The crash of the desks falling over alerted a nearby teacher that something was wrong, and she came running just in time to help me sort things out. This was a young class; as soon as the fight started they were way too overwhelmed to speak English, and they don’t understand me that well at the best of times, anyway. So I was glad to have a Chinese teacher there to help me regain control.

There were no fistfights in my other classes, thank god, but they were still rowdy.

In the end, I decided that the kids and I are obviously all in a bad mood together. They’re crazy and I’m cranky, and who knows if it’s something in the water, or spring fever, or the phase of the moon. All I know is that I have a 5 day break next week while the students sit their midterms, and I am REALLY looking forward to it.

snapshot

13 Apr

Yesterday afternoon, I was sitting at my desk and my officemate Joy walked in. She was carrying a clear plastic garbage bag full of packages of sanitary napkins and she dumped the bag on her desk. When she saw me staring, she laughed a bit.

She had to have 25 or 30 boxes of maxipads. I was definitely staring.

“The principal gave me these,” she said. “It’s a kind of a…bonus.”

I nodded and shrugged at the same time, which I find myself doing often here. At a certain point, I stopped expecting everything in China to make sense to me–I think all people living abroad probably reach the same point. It’s not that I came over here thinking that China would make perfect sense, it’s just that even if you’re prepared to be puzzled, it’s like there’s this part of your brain that can’t help but try and process new experiences the same way you processed the old ones. Until one day it just gives up.

Others might react with constant questioning and a desire to understand, but I usually just roll with it. I guess I wouldn’t have made a very good anthropologist. It’s not that I don’t care why things are the way they are in China, or why people do the things they do. I do care, and there’s some stuff (usually the big stuff) that I’ll ask about. But I’m a big-picture person and I think it’s pretty interesting to just watch it all go by. And, actually, as the weeks pass and I see more and more of Chinese life, every so often I find that something that used to seem inexplicable will suddenly slot into place and make sense. It’s like looking at all the pieces of a really huge jigsaw puzzle and all of a sudden realizing that the red ones are flowers. I know I’m not going to be in China long enough to get very far into the puzzle, but it’s still a neat feeling when you start to become aware that there is an order and a relationship between a bunch of seemingly chaotic, separate things.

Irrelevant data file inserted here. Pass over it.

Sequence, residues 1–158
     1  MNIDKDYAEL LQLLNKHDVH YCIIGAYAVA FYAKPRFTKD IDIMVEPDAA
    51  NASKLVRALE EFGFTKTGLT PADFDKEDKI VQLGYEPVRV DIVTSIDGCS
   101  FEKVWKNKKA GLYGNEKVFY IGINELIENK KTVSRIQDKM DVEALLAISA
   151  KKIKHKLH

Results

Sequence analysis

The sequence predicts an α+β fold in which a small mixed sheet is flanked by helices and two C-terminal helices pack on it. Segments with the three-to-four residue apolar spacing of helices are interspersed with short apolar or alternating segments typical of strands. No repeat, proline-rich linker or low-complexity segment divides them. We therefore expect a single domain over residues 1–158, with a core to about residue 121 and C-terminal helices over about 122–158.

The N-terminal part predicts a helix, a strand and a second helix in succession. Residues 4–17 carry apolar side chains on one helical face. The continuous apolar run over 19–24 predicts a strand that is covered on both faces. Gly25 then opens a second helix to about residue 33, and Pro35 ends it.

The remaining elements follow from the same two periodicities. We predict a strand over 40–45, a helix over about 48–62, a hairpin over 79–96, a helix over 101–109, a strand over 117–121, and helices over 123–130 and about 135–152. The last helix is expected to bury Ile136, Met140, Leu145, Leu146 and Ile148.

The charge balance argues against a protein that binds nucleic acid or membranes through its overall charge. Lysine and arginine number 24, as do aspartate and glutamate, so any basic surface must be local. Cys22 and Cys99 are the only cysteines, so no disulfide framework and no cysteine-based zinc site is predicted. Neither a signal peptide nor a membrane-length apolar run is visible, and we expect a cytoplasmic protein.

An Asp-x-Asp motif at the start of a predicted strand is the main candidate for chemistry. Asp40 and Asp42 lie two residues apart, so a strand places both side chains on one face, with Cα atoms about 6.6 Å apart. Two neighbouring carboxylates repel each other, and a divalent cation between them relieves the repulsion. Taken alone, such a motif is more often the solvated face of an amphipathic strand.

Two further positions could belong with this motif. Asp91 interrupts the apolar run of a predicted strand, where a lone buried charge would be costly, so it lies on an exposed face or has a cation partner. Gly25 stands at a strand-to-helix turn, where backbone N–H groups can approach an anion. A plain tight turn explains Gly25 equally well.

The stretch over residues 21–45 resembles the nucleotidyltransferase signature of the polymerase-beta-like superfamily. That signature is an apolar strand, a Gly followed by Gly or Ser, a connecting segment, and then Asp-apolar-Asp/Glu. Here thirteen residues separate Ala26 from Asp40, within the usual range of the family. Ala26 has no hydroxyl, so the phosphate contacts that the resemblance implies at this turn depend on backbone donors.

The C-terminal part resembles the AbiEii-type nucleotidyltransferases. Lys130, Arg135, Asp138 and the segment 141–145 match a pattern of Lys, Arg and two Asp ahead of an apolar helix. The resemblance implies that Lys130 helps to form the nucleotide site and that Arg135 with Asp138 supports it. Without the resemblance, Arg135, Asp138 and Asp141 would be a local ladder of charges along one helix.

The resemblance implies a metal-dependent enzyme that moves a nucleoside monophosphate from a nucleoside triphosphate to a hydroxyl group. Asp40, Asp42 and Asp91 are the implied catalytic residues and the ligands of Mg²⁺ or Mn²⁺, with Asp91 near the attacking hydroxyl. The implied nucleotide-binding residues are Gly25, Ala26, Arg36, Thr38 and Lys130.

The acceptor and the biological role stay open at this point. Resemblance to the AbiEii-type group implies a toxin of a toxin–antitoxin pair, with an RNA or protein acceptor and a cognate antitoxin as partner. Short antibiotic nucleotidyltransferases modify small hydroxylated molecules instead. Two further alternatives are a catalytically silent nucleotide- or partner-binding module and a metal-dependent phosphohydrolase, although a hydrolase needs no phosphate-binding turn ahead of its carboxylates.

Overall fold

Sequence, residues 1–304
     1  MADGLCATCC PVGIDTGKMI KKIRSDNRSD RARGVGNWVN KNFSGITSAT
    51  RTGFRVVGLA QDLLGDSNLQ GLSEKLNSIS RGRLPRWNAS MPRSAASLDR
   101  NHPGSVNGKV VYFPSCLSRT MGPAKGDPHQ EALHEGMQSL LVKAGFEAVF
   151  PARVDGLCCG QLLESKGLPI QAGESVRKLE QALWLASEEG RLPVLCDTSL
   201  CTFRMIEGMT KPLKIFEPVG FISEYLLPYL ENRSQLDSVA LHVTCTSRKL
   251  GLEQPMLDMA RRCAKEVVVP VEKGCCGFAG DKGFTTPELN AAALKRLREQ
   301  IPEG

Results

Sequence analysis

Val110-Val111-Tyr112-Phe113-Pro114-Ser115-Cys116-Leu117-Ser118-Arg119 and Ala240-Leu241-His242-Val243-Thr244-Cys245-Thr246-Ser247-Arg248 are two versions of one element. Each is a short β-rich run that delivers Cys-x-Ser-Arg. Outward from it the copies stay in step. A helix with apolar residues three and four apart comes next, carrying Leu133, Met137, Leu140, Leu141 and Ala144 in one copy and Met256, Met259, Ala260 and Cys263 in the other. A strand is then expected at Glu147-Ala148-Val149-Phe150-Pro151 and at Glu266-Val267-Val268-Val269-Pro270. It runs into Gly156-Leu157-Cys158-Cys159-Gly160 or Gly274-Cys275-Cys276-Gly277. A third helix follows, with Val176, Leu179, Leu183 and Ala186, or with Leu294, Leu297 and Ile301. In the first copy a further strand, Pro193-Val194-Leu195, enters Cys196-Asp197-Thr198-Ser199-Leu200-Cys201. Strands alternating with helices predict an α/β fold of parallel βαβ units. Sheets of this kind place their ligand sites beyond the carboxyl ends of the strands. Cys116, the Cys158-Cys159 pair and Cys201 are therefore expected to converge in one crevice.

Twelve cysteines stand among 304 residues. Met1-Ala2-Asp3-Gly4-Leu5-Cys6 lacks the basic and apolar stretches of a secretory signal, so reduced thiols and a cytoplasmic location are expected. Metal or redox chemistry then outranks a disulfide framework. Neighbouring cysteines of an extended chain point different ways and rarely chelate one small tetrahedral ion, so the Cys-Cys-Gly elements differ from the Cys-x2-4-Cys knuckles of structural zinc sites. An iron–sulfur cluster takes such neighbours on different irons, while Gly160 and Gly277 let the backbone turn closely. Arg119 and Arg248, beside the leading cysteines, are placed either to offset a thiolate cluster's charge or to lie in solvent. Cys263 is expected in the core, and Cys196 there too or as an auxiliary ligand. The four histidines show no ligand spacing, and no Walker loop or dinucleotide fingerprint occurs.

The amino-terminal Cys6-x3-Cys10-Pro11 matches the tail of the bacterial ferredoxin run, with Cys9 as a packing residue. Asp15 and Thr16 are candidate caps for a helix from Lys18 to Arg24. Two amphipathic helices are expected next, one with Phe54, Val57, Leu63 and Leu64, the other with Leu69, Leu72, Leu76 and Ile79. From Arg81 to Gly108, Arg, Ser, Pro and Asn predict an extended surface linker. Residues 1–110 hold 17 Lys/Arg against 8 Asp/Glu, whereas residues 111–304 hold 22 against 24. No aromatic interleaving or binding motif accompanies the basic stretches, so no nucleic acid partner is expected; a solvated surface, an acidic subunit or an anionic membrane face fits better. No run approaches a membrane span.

The maxipads actually didn’t seem as strange to me as they could have, because for National Women’s Day in March the principal gave me toilet paper. The equivalent of a 24-pack of Charmin. I thought the toilet paper was a strange, if practical, bonus…the sanitary napkins in a heap on Joy’s desk didn’t actually seem that much more odd–two little puzzle pieces clicking together.